On to the software settings.  The following show the actual settings used to accomplish the mixing that I  mentioned above.
Mix 1 causing channel 6 to follow channel 1
Mix 2 adding channel 1 to switch B
Mix 3 adding channel 6 to switch B 
There are others who have rate settings for mix 2 and 3 set as low as 10 and as high as 75.  I thought I would use 50% so as  to give more room for experimenting.  In this case, 50% gives 50% down when applied and still leaves another 50% of down for ailerons.  Note also that mix 3 is -50% as this servo is reversed for aileron control.  Also note that with this particular transmitter, as the dials are associated with the switches, VR B will also affect the amount of flaps (adjust how much of the 50% is applied).  Just as a side note, my channel 5 is switch A, and I left that setup as a throttle cut off.  This is a whole other story as to how well that works with a stick programmable brushless speed controller.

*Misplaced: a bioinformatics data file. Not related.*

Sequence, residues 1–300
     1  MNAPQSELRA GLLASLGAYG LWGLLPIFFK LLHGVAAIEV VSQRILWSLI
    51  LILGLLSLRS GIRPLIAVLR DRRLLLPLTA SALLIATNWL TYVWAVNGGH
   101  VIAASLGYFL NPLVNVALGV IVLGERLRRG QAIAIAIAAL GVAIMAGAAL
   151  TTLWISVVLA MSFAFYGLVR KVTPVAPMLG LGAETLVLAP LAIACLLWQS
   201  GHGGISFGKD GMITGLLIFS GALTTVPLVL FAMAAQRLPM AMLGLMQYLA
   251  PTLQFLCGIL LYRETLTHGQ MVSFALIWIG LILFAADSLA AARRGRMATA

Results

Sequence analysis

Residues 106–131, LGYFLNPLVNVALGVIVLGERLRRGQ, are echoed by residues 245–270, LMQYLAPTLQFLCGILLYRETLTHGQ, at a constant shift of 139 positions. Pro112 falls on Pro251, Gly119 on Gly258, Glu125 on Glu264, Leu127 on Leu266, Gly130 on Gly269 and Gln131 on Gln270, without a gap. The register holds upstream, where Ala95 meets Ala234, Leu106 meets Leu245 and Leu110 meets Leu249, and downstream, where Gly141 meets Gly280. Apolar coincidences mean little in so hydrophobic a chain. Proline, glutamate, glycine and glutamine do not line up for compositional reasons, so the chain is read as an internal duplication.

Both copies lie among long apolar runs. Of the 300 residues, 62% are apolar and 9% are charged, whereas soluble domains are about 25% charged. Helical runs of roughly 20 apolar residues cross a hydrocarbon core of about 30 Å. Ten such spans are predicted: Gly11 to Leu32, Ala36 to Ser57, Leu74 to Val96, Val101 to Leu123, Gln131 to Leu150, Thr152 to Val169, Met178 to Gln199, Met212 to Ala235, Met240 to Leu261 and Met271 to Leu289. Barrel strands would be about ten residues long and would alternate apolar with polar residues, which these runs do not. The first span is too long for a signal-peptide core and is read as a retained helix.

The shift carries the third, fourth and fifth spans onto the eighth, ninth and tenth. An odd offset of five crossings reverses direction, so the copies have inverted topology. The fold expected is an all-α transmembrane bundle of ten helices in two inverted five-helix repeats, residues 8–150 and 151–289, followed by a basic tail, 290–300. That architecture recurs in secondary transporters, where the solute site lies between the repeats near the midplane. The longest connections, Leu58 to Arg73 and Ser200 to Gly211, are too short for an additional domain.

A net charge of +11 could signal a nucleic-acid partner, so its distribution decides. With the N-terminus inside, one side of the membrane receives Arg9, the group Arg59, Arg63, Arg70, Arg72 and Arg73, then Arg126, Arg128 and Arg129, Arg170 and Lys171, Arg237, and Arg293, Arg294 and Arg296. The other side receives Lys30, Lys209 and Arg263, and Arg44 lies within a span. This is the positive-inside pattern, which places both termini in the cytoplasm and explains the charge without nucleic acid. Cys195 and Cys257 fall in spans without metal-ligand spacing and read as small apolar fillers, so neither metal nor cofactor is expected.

In testing, all of this worked as planned!  Unbelievable that it worked on the first try.  This seems to never happen for me.  I am a happy camper.

Flapperon testing

So, now it's off to see how it flies!

Thanks for stopping by my blog.  Please feel free to post comments, good or bad, and be sure to come back and check for future posts.